Insight News

Sunday
Mar 01st

Commentary

New Orleans battles back

It’s been five years since Hurricanes Katrina and Wilma stormed into New Orleans, destroying lives, families and entire communities.  The city’s restoration has been slow going: early on, returning homeowners wanting to rebuild found themselves bogged down in red tape. The last two years, however, have brought about significant changes in the city’s landscape and once devastated neighborhoods are starting to thrive.

The two storms left New Orleans with more than 65,000 abandoned homes and empty lots. Anyone living in an urban environment can tell you that such blight will eventually lead to both an increase in crime and a decrease in the quality of life for community residents.  And that’s exactly what was happening in New Orleans, until local officials and community groups began to develop programs designed to do away with urban blight. 
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Stop the Bullying!

The problem of bullying in our nation’s schools has been in the headlines again, in large part because of a heartbreaking series of recent tragedies: children and youths who took their lives after they were bullied or harassed because their peers believed they were gay. We need to immediately send a clear message to all our children that bullying and harassment for this or any other reason is simply not acceptable. At the same time, we need to make sure that every child knows she or he is a gift from God and feels loved and accepted and valued the way they are.
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The world's rich Blacks

Black Americans perceive the occupational roles and personality characteristics portrayed on American media about Africa as real or true to life.  Operating under gross delusions, Black Americans think of themselves as “the world’s richest Blacks”.  But, if African Americans took at look at Black Africans they’d see who’s moving ahead in building wealth.

South Africa is a nation of 50 million people.  Seventy-five percent of the population is of Black African ancestry.  Black South Africans are literally “sitting on (a) gold mine” South Africa is a country with an abundant supply of resources, well-developed financial, legal, communications, energy, and transport sectors.  South Africa is ranked 25th in the world in terms of GDP.  The country’s advanced development is significantly localized around four areas: Cape Town, Port Elizabeth, Durban, and Pretoria/Johannesburg.  Beyond these four economic centers, development is marginal and poverty is still prevalent despite, consequently the vast majority of South Africans are poor.   Unemployment is extremely high and South Africa is ranked in the top 10 countries in the world for income inequality.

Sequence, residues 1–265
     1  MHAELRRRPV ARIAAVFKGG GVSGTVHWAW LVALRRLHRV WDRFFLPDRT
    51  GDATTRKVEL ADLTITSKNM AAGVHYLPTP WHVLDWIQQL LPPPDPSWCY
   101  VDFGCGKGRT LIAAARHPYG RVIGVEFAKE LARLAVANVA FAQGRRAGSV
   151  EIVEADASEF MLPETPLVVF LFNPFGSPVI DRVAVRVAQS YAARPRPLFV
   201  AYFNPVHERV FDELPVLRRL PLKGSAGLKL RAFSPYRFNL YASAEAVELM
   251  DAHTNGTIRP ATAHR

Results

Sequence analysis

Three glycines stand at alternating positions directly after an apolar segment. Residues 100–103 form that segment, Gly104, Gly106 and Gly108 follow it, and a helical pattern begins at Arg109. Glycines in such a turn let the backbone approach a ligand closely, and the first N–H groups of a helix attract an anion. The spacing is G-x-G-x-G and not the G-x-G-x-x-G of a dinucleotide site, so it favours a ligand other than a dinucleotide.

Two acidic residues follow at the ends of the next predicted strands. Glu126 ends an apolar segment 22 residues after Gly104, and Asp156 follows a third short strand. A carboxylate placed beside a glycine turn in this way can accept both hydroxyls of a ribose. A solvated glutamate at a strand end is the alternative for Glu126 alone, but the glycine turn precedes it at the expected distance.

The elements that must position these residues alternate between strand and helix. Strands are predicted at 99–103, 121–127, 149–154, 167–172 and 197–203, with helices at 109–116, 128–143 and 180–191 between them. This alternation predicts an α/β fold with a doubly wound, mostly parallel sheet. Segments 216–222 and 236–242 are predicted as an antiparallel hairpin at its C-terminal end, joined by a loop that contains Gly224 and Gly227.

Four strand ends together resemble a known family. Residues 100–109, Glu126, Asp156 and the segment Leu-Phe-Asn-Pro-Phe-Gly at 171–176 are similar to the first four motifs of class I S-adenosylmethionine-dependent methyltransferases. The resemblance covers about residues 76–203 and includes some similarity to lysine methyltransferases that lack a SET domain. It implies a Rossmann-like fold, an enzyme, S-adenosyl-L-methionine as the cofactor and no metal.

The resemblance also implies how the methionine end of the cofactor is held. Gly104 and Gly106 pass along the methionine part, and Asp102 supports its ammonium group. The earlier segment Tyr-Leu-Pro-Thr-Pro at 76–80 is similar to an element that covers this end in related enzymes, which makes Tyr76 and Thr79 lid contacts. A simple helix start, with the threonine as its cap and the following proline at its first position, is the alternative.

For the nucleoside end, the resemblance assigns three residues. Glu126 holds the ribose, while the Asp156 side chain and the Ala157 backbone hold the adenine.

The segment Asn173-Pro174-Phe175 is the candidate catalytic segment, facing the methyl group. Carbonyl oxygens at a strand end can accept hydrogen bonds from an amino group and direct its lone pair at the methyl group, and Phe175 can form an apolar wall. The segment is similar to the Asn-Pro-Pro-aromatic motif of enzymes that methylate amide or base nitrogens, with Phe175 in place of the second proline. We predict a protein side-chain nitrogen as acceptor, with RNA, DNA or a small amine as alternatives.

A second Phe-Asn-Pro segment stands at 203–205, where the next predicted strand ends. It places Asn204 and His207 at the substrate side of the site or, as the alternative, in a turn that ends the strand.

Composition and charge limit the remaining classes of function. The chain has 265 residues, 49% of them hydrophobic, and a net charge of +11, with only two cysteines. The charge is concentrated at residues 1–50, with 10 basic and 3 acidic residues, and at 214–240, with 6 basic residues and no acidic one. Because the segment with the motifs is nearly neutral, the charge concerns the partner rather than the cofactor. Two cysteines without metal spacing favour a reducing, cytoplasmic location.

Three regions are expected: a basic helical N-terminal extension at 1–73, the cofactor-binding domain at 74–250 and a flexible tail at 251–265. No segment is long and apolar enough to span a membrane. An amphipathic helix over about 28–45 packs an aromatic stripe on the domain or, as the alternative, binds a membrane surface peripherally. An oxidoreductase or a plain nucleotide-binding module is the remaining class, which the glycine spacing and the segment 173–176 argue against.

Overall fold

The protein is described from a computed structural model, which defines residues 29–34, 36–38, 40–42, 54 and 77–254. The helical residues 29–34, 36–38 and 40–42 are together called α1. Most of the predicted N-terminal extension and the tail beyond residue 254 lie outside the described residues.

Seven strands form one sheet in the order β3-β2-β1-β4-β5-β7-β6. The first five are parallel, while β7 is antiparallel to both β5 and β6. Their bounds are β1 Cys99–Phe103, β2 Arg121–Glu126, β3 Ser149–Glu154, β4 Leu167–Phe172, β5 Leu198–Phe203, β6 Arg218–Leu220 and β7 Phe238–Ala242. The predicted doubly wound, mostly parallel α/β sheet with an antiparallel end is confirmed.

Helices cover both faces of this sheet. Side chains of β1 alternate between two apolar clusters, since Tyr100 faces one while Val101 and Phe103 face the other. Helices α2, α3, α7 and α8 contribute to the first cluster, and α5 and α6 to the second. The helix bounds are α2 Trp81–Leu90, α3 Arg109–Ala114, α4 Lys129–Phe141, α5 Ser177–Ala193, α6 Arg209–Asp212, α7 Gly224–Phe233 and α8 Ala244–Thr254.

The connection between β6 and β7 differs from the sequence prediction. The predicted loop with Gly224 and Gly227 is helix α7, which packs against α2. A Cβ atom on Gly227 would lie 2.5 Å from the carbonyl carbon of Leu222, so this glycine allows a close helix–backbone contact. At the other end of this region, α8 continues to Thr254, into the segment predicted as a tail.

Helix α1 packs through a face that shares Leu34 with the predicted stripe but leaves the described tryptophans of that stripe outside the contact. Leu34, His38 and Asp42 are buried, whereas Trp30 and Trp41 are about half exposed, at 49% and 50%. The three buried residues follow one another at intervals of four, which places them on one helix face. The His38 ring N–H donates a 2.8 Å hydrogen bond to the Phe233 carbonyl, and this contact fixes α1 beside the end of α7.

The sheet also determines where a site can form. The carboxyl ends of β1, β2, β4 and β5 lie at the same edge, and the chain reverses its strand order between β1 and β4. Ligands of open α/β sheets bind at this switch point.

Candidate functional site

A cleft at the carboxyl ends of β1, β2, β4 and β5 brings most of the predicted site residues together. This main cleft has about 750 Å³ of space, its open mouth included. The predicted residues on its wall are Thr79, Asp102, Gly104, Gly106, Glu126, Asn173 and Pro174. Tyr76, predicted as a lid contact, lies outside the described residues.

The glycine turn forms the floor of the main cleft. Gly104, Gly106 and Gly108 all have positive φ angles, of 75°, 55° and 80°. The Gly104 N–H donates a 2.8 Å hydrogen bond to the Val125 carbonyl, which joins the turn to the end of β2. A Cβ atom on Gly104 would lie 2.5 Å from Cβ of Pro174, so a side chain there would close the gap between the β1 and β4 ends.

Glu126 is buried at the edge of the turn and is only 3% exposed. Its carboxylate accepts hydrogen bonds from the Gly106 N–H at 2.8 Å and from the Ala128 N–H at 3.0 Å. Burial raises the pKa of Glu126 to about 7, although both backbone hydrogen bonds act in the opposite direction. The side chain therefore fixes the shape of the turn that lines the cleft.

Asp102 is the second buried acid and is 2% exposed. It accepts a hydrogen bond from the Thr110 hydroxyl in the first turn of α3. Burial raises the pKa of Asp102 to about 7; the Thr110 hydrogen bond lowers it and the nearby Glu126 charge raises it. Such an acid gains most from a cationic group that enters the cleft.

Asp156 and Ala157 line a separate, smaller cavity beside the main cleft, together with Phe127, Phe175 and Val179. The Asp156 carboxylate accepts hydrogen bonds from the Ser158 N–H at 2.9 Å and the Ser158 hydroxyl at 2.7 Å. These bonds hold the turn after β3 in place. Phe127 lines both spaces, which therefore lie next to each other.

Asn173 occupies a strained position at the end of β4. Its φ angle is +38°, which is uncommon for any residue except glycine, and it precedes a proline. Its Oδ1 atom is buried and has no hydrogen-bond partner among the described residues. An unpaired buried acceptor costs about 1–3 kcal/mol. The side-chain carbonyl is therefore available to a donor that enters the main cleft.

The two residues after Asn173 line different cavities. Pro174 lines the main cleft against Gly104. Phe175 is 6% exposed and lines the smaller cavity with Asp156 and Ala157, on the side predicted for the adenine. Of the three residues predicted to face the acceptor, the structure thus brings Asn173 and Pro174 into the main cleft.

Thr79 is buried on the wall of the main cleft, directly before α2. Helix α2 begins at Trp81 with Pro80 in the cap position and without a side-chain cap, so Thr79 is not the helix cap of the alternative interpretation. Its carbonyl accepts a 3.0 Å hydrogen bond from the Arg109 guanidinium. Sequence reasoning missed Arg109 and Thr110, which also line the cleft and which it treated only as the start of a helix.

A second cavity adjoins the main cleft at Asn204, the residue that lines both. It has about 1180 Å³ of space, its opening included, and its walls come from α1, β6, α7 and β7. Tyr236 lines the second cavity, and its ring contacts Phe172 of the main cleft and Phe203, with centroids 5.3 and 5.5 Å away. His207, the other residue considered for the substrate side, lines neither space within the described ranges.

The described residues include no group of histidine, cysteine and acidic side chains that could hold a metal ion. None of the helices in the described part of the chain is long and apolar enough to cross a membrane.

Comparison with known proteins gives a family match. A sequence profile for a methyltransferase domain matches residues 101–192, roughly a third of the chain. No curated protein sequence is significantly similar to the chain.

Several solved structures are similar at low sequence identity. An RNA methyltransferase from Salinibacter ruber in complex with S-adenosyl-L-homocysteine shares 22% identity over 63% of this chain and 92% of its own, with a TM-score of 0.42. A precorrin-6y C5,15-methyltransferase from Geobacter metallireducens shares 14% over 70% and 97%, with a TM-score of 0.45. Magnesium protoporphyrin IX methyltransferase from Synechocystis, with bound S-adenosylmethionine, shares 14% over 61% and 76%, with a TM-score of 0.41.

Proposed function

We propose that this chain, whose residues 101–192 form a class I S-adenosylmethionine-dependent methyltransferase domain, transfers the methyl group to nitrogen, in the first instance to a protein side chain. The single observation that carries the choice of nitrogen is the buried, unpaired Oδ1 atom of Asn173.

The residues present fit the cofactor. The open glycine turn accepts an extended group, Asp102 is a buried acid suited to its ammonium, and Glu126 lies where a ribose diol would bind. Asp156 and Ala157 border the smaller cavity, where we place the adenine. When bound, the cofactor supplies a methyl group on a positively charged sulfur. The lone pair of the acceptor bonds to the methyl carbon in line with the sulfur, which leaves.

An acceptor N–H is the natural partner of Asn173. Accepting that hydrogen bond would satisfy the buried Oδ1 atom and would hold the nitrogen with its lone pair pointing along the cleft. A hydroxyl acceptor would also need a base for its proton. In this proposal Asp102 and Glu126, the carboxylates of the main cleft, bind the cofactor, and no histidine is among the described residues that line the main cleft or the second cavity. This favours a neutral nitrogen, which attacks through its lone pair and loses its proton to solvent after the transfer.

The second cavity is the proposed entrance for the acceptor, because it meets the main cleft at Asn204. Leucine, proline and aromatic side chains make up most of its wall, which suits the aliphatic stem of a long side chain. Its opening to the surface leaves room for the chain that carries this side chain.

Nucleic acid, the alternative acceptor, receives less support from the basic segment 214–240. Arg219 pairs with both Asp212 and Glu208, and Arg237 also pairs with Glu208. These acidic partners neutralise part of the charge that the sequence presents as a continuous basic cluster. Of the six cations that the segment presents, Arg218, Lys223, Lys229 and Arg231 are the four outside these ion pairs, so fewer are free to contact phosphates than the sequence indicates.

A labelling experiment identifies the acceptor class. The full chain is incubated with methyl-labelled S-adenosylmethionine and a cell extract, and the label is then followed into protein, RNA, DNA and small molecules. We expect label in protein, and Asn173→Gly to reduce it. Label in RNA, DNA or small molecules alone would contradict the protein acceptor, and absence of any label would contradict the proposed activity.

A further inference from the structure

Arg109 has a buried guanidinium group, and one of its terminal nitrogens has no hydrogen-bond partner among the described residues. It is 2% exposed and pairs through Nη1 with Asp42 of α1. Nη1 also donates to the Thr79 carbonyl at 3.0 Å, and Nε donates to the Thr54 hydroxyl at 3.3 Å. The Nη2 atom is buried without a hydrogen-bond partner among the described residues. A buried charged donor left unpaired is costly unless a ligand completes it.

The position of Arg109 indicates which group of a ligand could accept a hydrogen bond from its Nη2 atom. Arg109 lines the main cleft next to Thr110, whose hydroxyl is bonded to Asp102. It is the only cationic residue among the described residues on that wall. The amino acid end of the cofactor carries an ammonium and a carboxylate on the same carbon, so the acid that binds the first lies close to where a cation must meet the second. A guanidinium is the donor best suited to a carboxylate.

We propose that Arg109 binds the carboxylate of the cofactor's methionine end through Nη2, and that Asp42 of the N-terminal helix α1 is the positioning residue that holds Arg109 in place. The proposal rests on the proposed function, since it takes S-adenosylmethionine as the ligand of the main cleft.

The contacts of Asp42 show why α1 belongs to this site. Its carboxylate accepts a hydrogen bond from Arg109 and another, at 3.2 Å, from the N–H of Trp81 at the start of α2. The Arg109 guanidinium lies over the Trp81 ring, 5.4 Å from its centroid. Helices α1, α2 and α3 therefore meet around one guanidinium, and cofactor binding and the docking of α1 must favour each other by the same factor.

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Election discrimination: Ballot or the bullet

Letter to the editor
:

Tuesday morning I went to my neighborhood polling site to vote. Upon arriving at the Christ Lutheran Church in Eagan, I took my respective spot in line. As I waited in line I heard the normal questions being asked of my voting peers, “Does your I.D. match your address of record?” “Are you over the age of 18?” As I approached the voting official I was asked the exact same questions as those that preceded me, with one additional caveat….. “Do you have any felonies?”
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Sell-outs at the NAACP

For decades the National Association for the Advancement of Colored People fought the good fight against racial discrimination.  The organization was instrumental in defeating Jim Crow and discrimination in the work-place; it led the charge in establishing voting rights for all and equal access to quality education.   Even now the NAACP does some good work in local communities. However, as a national civil-rights organization, it has lost its way. 

In his seminal book, “The Souls of Black Folk,” NAACP co-founder, W.E.B. Dubois describes awakening to a morning “when men ask of the workmen, not ‘Is he white?’ but ‘Can he work?’  When men ask artists, not ‘Are they black?’ but ‘Do they know?’” 
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It's time to talk about reparation


I been down so long
That it looks like up to me

– Lyrics Black blues song

Barack Obama has publicly opposed reparations to the descendants of slaves since he stepped onto center stage American politics.  The nation's first Black President has sought to be politically neutral and not be seen as pandering to Blacks.  Barack Obama has gone from podium to podium taking the position that “government can combat the legacy of slavery by improving schools, health care and the economy for all”.
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Clean Haiti's water


Shortly after the new year began, Haiti was hit by a devastating earthquake that killed more than 200,000 people and left more than one million homeless. The promise of help came from around the world: individuals donated what they could and richer nations, including our own, pledged millions of dollars in support. Unfortunately, a significant number of those commitments have not been met. As the anniversary of the earthquake approaches, Haiti is still a broken country. To make matters worse, the tiny nation is battling a disease outbreak that, under better conditions, would be simple to treat.

Cases of cholera began popping up in rural Haiti in early October. Cholera is a disease that causes intestinal distress in its victims: vomiting, diarrhea and stomach pain. These symptoms can lead to dehydration; if not treated, an infected person could die. And that’s just what’s been happening in Haiti. To date, there have been over 3,000 cases of the disease and more than 250 deaths.
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